I will NOT help children up trees... they have to work together to get up the trees... if I need to help then I feel they are not ready to climb that particular tree... we are always on the look-out for good climbing trees... the children are made aware of the ground under the tree... I tell them the story about my sister breaking her arm... and that if we had checked the ground then her arm might not have broke... I feel that this is a knowledge they do not have to find out themselves...
I also talk with the children that scrapes and bruises are a part of learning, a part of gaining control over their bodies and not always a bad thing, and that often they only hurt for a short while... the children need to dare to make mistakes too! Mistakes in all areas of life... and as I mentioned before when you are young the mistakes tend to be smaller than the ones made when you get older...
Again, it is MY responsibility to ensure I am not exposing the children to danger... that there is only risk.. or phrased another way - chance taking - a chance to get it right, the chance to get it wrong etc...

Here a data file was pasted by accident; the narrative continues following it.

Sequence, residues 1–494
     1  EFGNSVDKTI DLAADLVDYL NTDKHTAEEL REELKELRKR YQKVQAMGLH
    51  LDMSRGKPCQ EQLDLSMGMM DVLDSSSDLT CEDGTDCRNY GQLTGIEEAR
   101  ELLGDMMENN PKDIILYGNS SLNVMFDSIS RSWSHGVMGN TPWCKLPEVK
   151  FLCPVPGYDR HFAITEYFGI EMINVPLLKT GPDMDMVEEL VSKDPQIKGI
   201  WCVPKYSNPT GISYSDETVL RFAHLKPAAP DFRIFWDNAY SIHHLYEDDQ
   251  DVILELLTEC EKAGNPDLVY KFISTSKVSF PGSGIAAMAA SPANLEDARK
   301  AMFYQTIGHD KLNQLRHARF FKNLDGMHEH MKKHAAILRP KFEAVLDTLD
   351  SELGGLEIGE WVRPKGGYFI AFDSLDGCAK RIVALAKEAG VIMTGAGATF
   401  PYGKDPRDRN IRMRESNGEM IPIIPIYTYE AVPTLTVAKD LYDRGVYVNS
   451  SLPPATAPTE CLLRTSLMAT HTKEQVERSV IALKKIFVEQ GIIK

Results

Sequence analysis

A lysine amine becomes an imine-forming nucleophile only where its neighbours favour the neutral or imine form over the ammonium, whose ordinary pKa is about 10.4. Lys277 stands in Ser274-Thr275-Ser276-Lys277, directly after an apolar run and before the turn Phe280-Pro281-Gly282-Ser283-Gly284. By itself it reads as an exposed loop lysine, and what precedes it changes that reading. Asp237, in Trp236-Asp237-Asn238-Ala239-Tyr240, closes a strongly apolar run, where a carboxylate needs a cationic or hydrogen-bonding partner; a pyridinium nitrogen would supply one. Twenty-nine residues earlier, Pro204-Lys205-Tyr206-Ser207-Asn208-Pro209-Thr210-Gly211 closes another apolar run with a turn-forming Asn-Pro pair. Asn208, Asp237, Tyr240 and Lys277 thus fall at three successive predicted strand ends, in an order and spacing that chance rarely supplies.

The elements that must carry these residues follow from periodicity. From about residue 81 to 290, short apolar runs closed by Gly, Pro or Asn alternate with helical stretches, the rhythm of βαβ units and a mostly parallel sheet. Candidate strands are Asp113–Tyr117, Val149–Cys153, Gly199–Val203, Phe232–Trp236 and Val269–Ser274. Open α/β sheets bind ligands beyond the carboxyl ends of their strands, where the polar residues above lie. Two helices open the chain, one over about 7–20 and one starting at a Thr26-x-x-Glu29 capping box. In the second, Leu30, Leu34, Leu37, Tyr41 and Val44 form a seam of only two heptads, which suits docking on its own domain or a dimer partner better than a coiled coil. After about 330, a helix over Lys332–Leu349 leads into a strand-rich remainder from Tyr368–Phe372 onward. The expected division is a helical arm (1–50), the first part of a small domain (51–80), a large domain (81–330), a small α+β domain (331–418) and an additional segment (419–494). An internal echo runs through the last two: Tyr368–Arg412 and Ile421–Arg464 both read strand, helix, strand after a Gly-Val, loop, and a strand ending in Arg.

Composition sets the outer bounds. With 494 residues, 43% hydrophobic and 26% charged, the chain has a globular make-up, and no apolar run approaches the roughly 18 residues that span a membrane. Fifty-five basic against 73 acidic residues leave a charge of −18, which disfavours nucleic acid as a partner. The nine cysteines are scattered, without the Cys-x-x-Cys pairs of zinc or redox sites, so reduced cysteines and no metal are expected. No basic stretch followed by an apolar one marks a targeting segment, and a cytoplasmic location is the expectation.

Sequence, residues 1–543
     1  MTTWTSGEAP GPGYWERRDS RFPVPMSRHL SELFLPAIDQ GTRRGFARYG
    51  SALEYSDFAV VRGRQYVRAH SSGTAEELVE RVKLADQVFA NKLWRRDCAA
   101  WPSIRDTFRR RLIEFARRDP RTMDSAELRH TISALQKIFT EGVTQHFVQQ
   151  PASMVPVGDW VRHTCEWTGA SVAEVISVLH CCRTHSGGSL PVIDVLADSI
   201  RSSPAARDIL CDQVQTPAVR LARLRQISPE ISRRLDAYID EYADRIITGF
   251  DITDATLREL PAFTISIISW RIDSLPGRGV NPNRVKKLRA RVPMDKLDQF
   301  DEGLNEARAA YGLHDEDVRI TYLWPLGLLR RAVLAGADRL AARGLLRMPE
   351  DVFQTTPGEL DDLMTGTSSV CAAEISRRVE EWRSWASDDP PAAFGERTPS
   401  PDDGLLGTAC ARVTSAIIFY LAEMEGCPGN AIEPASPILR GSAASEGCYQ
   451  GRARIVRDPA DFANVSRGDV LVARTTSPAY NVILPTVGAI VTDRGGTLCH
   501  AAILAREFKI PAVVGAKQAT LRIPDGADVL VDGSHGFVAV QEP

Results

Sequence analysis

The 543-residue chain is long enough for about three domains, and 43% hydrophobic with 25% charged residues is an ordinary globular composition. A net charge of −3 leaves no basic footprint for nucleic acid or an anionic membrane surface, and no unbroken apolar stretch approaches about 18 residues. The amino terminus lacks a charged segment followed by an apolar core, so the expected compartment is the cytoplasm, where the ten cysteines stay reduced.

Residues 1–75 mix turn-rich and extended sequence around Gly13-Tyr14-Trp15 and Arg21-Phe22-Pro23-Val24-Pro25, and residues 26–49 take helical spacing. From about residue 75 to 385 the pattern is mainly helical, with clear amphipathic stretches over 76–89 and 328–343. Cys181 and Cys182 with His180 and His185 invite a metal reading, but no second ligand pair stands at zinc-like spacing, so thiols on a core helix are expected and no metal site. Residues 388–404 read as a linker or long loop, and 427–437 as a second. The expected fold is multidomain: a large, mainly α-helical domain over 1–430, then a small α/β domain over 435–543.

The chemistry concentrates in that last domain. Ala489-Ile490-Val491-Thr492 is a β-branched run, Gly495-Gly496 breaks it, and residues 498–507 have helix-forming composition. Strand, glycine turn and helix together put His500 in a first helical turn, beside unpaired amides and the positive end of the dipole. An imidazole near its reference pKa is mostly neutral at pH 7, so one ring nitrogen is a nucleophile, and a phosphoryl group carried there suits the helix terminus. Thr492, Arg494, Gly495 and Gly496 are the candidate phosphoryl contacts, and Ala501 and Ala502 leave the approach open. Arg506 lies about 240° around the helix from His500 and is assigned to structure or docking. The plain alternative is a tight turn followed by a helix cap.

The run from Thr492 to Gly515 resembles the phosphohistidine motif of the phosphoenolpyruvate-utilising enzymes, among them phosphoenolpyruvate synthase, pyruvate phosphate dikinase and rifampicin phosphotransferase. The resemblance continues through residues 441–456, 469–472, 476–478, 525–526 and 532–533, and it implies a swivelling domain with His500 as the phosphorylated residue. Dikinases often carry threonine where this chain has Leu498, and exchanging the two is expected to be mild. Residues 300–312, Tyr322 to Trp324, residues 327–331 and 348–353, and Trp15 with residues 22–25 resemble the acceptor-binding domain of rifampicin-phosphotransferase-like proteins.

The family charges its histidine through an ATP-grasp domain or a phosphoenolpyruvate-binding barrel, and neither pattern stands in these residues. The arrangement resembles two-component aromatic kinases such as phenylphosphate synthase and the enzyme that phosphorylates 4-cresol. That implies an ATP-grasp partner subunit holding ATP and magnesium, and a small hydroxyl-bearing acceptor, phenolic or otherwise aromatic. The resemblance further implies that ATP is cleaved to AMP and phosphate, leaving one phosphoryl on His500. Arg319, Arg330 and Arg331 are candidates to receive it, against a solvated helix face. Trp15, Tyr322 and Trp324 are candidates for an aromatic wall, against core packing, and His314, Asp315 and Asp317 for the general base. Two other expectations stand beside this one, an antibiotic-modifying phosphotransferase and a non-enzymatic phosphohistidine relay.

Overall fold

Trees often require turn taking - taking turns to go up and down, helping each other... maybe building a den in the tree where several can hang out at the same time. There is a great deal of social interaction around tree climbing.
There is also that amazing sense of achievement of climbing a tree (and the frustration leading up to it) - and that marvelous feeling of being up high and seeing life from a new perspective.
Then there are the benefits of climbing TREES rather than climbing frames... it is getting children out into nature... they often discover things as they are climbing that we can then go on to learn more about. There is the chance to learn to love and value a good climbing tree... developing a positive relationship with nature. From a sensory point of view the texture and smells of the forest are going to be much more stimulating than a man made play-space. There is also the perspective that they learn respect... to take care of this living tree... not to destroy branches.
Trees and nature in general have a more calming effect on children (all people) and can contribute to a more positive atmosphere in the classroom.
Trees also provide great shade on sunny days... and this shade is complex and there is research that shows that shadows of this complex nature is good for cognitive development... I have written about this before... you can check it out here